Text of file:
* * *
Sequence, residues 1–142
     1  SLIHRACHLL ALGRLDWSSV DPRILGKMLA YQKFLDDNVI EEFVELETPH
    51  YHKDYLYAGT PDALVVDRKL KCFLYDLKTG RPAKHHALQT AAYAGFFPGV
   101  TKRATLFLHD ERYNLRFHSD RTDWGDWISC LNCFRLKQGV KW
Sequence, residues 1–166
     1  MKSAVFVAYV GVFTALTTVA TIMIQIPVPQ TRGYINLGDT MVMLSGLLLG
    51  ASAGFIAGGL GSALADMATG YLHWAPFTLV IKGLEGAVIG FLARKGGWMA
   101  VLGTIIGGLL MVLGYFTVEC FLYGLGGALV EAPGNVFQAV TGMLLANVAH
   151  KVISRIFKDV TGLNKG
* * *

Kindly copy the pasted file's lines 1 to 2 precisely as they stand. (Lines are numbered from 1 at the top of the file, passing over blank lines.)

Sequence, residues 1–142
     1  SLIHRACHLL ALGRLDWSSV DPRILGKMLA YQKFLDDNVI EEFVELETPH